About If Ginger …

Why Ginger? And what can she do?

Ginger Rogers dancing with Fred AstaireThis web­site could so eas­ily have been called “How to Cope With Being Really Old and Clapped​-out​.com”, or “SeniorsRus​.com” or “Its All Downhill Now​.com”. It was early days in the con­cep­tion of the web­site, and my head was buzz­ing with ideas when, lit­er­ally in the middle of the night, I came up with “If Ginger can do it”. A few days earlier, someone from one of my exer­cise classes had sent me an e-​mail with a video clip attached. I would, she said, appre­ci­ate it, as it was Ginger Rogers, aged 92, and her great grand­son, dan­cing together.

That video clip had been boun­cing around all over the world for a while, in the way things do on the inter­net. When I saw it I was aston­ished, and imme­di­ately sent it to sev­eral more people . I watched it over and over, examin­ing it closely, ask­ing film-​maker friends to look at it, to see if it was a clever hoax. As I soon dis­covered online, it was indeed a kind of hoax. Ginger Rogers never made it to 92: she died in 1995 aged 83, more’s the pity.

If it wasn’t Ginger in the amaz­ing video, then who was it? To my mind, it was still someone very impress­ive dan­cing that fant­astic dance. It turned out to be Sarah Paddy Jones. After another 18 months of phone calls, mes­sages and re-​arranged appoint­ments, I finally cuaght up with Paddy Jones and found out a good deal more about this remark­bale woman. Click here to watch Paddy in action in that video. Then click here find out a lot more about her life and her dan­cing.

Well, as I had sus­pec­ted, Paddy wasn’t 92, She was, at the mak­ing of the video, a mere 74 years old. But I defy you to be any­thing other than bowled over by what she is doing. And that’s why I thought Paddy Jones /​Ginger was so per­fect for the web­site. Because if this web­site is about any­thing, it is about cel­eb­rat­ing long life, life lived to the full, res­ol­utely keep­ing on hav­ing fun and shar­ing that fun with oth­ers.

I have hopes that if people like what hap­pens here, we might cre­ate some­thing big­ger together. A place that helps to raise the bar for older people. Voices that chal­lenge the myths and per­cep­tions of how people’s lives become smal­ler and more closed-​in as we age. Voices that air the issues, dilem­mas and pri­or­it­ies that dom­in­ate the last third of a long life, voices that strengthen the case for greater respect, oppor­tun­it­ies and new per­spect­ives on older age.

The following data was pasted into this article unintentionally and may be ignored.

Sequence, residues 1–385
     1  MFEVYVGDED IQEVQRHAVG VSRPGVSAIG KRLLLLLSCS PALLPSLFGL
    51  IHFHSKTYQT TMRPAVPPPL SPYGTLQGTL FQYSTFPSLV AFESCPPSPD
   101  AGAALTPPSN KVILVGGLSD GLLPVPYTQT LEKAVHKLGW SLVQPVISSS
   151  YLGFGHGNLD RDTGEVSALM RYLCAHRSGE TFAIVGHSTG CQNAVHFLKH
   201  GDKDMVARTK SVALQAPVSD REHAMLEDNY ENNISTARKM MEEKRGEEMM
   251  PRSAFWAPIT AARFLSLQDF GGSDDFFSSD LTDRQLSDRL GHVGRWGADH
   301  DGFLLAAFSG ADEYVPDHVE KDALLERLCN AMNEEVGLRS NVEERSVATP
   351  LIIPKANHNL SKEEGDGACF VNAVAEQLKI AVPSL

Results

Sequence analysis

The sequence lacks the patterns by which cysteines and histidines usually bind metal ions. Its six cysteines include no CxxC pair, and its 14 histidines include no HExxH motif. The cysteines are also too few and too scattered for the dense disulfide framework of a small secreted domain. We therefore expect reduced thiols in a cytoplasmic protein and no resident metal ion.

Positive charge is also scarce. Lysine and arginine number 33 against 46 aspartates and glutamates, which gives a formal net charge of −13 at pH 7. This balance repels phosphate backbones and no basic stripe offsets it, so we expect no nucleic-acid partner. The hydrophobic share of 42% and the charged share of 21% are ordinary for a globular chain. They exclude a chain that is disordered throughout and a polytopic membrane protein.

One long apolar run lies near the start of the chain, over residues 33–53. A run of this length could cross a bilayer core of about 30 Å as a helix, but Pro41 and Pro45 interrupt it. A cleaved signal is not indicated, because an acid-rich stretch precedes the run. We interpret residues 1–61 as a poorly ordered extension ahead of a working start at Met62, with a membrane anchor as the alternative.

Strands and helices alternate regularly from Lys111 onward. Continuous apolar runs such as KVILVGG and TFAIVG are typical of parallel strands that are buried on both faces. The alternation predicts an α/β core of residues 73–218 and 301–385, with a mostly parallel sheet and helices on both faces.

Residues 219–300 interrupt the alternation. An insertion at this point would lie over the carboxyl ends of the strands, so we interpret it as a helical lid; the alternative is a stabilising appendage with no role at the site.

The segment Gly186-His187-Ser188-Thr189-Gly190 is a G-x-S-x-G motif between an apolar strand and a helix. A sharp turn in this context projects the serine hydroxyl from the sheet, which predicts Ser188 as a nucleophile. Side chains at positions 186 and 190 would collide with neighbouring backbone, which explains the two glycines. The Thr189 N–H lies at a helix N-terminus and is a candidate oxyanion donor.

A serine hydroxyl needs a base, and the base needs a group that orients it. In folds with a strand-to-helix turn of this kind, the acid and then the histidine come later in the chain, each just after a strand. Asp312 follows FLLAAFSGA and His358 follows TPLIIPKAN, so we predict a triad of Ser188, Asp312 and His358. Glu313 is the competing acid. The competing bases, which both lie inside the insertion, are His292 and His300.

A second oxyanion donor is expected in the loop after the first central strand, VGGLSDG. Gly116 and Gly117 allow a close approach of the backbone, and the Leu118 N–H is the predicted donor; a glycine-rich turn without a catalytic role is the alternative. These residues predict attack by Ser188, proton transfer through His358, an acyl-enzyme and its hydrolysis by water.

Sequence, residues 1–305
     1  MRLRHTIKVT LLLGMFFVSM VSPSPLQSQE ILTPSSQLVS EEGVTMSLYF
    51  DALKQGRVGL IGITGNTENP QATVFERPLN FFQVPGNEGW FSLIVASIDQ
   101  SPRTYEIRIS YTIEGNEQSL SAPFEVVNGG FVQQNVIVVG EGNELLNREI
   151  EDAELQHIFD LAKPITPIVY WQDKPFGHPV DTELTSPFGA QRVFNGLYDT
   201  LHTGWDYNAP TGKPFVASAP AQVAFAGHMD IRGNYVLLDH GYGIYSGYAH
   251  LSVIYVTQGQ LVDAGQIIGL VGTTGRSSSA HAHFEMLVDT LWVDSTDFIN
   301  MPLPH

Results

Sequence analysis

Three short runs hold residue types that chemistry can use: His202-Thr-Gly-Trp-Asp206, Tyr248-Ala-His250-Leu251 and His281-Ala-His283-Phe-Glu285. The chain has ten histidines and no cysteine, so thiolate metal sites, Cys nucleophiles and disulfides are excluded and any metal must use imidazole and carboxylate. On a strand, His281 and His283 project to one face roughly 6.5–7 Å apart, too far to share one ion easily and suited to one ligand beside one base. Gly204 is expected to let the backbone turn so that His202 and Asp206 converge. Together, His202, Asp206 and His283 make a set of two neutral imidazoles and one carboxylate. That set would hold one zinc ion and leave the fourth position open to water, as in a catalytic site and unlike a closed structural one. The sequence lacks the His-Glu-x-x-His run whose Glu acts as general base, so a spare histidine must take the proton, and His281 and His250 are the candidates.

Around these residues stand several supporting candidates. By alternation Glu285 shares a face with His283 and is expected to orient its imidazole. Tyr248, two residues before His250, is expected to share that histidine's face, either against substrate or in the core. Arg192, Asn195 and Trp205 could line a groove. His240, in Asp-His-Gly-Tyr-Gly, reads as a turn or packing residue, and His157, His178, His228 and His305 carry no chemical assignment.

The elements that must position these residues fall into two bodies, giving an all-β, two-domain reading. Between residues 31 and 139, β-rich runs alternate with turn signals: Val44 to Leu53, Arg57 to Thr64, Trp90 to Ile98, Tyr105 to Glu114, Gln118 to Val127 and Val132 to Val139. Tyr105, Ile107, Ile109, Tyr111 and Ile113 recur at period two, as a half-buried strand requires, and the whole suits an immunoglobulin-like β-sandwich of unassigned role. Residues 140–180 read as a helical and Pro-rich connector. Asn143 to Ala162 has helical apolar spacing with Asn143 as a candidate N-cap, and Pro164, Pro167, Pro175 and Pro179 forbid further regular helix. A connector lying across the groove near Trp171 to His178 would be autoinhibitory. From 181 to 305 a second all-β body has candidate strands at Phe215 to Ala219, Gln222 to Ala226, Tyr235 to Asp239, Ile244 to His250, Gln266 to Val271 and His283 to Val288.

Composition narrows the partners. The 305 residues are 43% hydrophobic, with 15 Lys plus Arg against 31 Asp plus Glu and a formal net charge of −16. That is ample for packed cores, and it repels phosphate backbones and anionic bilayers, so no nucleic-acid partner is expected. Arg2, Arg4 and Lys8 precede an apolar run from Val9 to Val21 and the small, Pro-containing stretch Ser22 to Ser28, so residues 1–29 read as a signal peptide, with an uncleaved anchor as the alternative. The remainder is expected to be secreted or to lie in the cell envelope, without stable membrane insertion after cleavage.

They did it

In this sec­tion of the web­site you’ll find stor­ies which should encour­age, enter­tain and inspire you. Share them with oth­ers. And get in touch if you have your own inspir­ing story, or you know someone else whose tale mer­its a place here.

Roger Allsopp is the old­est man to have swum the English Channel
Pamela Rodger got in train­ing so she could climb up Big Ben to watch the clock strike mid­day
Charlie Williams has been sprint­ing all his long life, and he’s not stop­ping yet

.… and who am I?

Jane's pictureI am Jane Taylor, a writer and fit­ness trainer, ded­ic­ated to work­ing on fit­ness for health for older people. I used to be a news­pa­per journ­al­ist, but events got in the way of my best-​laid plans, and at the turn of the mil­len­nium I decided to embark on the series of qual­i­fic­a­tions that would equip me to work with over-​50s, using exer­cise and activ­ity train­ing to improve qual­ity of life, reduce pain and main­tain inde­pend­ence. Click here for more info about me as a trainer.

Through that work, I became increas­ingly aware of the big­ger pic­ture of post-​retirement life and how much change we need to bring about in soci­ety to sus­tain good health and hap­pi­ness in later life. I’m not the only one to have real­ised this! Many ini­ti­at­ives are start­ing to emerge, and as far as I’m con­cerned, the more the bet­ter. This is just my piece of the jig­saw.

This web­site has taken a lot longer than it should have to get up and run­ning. I feel a debt of thanks to those who made sure it did, one way and another. Sabrina Aaronovitch has taken most of the pho­tos on the site, as well as freely giv­ing ideas, enthu­si­asm and sup­port. Clare Holt made all the videos and sup­plied tips, advice, encour­age­ment and tellings-​off. Later Life Training has been a key resource for me and I am hugely grate­ful to the inspir­a­tional people there for set­ting me on my cur­rent life-​course. My mum has been a very tol­er­ant guinea-​pig. All the ini­tial con­trib­ut­ors have donated their time, stor­ies and wis­dom. Special thanks to Paddy Jones, who at 79 has a spark of magic that warms the world.

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